What makes a nurse a serial killer? The five characteristics that define our 'Angels of Death'

Monday 18 May 2015

Victorino Chua. the nurse found guilty of killing two patients and poisoning 19 others may have described himself as having “the devil in me,” but he joins a list of Healthcare Serial Killers (HSKs) that have been found to share common characteristics.

There are between five and nine characteristics identified by criminologists at Birmingham City University that these so-called “angels of death” apparently possess. They were outlined in a study last year, including craving attention and frequently moving between one hospital and another.

Professor David Wilson and Dr Elizabeth Yardley, who passed their findings to Greater Manchester Police when Chua was charged, analysed 16 cases of hospital-based nurses convicted of multiple murder in Europe and North America between 1977 and 2009 using a criminology checklist of 22 “red flag” traits.

The five most common “red flags” identified in HSKs were:

- Higher instances of death on his/her shift

- History of

mental instability/depression

- Makes colleagues anxious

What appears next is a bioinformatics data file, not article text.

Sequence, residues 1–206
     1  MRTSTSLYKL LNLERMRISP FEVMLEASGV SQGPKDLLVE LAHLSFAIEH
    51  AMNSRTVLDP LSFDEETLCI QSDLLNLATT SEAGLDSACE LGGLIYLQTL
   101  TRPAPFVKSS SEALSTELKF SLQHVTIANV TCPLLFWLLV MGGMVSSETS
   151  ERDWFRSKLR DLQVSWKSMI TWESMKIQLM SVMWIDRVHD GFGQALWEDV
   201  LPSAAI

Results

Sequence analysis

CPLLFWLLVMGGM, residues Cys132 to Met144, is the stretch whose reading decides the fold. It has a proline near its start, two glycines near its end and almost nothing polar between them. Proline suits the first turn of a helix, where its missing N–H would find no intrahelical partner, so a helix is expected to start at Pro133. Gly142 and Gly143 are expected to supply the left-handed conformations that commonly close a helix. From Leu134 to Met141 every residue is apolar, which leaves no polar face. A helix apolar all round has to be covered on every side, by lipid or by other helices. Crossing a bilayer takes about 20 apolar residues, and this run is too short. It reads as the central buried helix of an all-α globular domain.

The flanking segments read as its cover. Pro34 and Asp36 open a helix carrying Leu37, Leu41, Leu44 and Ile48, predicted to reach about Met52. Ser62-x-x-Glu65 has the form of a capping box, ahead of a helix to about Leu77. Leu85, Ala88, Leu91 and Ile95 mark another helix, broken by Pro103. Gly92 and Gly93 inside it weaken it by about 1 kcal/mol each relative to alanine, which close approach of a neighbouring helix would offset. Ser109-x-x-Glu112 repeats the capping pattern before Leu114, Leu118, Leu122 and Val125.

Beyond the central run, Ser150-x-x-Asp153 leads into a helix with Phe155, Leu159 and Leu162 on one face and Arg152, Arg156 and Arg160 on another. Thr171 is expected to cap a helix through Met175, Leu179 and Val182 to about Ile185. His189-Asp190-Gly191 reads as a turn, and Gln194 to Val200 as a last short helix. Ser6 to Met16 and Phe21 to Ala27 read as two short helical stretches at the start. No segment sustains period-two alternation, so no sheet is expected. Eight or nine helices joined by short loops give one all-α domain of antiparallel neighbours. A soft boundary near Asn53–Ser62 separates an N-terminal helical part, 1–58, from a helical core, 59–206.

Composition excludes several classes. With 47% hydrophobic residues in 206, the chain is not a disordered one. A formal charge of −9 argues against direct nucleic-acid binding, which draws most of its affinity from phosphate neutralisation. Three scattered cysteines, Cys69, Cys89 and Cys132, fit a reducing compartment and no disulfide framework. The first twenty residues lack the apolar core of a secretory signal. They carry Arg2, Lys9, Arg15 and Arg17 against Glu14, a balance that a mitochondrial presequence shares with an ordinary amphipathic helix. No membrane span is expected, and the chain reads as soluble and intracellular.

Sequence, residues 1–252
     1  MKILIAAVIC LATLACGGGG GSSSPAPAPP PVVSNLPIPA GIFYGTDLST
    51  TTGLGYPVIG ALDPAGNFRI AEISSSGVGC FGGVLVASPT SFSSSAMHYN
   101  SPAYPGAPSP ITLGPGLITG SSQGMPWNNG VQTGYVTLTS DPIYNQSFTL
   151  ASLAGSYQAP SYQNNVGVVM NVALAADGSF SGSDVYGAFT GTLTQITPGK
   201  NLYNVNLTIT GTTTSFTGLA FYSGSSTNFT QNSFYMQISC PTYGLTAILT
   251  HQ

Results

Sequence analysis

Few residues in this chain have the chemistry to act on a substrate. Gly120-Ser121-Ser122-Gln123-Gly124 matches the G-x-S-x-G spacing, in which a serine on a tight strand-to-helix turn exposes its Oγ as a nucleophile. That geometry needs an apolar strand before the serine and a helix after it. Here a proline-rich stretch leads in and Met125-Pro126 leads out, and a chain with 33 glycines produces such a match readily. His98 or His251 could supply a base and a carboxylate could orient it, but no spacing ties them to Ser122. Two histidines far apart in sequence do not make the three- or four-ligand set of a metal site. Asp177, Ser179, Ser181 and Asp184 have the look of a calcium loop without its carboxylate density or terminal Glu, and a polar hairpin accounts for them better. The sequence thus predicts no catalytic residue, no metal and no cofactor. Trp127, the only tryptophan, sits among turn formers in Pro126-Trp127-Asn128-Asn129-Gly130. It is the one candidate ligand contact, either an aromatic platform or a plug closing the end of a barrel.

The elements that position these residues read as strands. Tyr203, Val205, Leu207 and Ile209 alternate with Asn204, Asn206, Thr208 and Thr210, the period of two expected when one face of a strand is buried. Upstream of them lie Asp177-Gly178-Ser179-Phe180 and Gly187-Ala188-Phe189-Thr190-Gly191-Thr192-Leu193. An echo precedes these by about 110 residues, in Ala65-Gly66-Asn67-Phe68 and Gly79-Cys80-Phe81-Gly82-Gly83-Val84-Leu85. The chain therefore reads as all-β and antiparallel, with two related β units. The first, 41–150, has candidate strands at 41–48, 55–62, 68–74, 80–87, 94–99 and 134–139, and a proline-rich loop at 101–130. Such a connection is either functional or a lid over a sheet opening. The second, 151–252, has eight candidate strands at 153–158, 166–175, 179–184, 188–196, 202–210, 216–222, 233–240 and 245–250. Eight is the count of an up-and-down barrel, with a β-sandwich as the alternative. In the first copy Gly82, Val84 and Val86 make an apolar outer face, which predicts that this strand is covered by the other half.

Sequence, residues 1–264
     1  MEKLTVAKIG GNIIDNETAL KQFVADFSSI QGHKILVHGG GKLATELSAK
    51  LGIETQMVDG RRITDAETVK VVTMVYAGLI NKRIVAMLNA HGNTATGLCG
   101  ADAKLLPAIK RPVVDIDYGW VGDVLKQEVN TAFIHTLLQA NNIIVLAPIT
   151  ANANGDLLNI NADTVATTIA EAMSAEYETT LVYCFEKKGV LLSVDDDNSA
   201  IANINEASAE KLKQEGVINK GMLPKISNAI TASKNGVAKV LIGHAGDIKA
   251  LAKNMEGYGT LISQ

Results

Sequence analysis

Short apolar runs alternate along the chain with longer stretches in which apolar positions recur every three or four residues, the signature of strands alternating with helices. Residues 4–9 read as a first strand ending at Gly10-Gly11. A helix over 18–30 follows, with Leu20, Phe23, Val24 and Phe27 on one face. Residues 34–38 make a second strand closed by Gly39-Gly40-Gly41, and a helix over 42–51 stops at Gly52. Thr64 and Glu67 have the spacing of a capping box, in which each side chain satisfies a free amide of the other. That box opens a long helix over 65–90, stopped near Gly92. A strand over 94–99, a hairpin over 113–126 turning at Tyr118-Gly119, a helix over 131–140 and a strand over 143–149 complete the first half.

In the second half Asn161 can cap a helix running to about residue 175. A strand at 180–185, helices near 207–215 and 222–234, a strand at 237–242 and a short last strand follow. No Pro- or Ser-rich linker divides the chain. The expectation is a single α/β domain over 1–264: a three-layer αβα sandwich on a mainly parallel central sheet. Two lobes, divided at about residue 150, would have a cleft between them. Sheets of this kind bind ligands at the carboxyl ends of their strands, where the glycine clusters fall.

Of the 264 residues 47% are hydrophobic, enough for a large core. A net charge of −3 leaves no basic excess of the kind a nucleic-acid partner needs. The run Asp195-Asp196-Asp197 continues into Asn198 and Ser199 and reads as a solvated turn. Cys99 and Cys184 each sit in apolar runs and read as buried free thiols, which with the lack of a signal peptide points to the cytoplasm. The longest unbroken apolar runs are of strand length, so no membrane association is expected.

- In possession of drugs etc at home/in locker

- Appears to have a personality disorder

The authors expressed caution that increased instances of death needed to be considered against other criteria however, and not simply in isolation.

Other traits included nurses preferring night shifts and having secretive or difficult behaviours.

The most prolific killer the authors identified in their research was American nurse Charles Cullen, who was convicted of 29 murders in 2003 and had portrayed 11 of the “red flags,” though former Leeds-based nurse Colin Norris who was jailed for life in 2008 for killing four people and attempting to murder another, satisfied just two of the red flags, the lowest of all those studied.

The research showed that poisoning was the most common form the HSKs used to kill patients, namely with insulin, though other drugs such as opiates and muscle relaxants were also used.

Source: www.independent.co.uk

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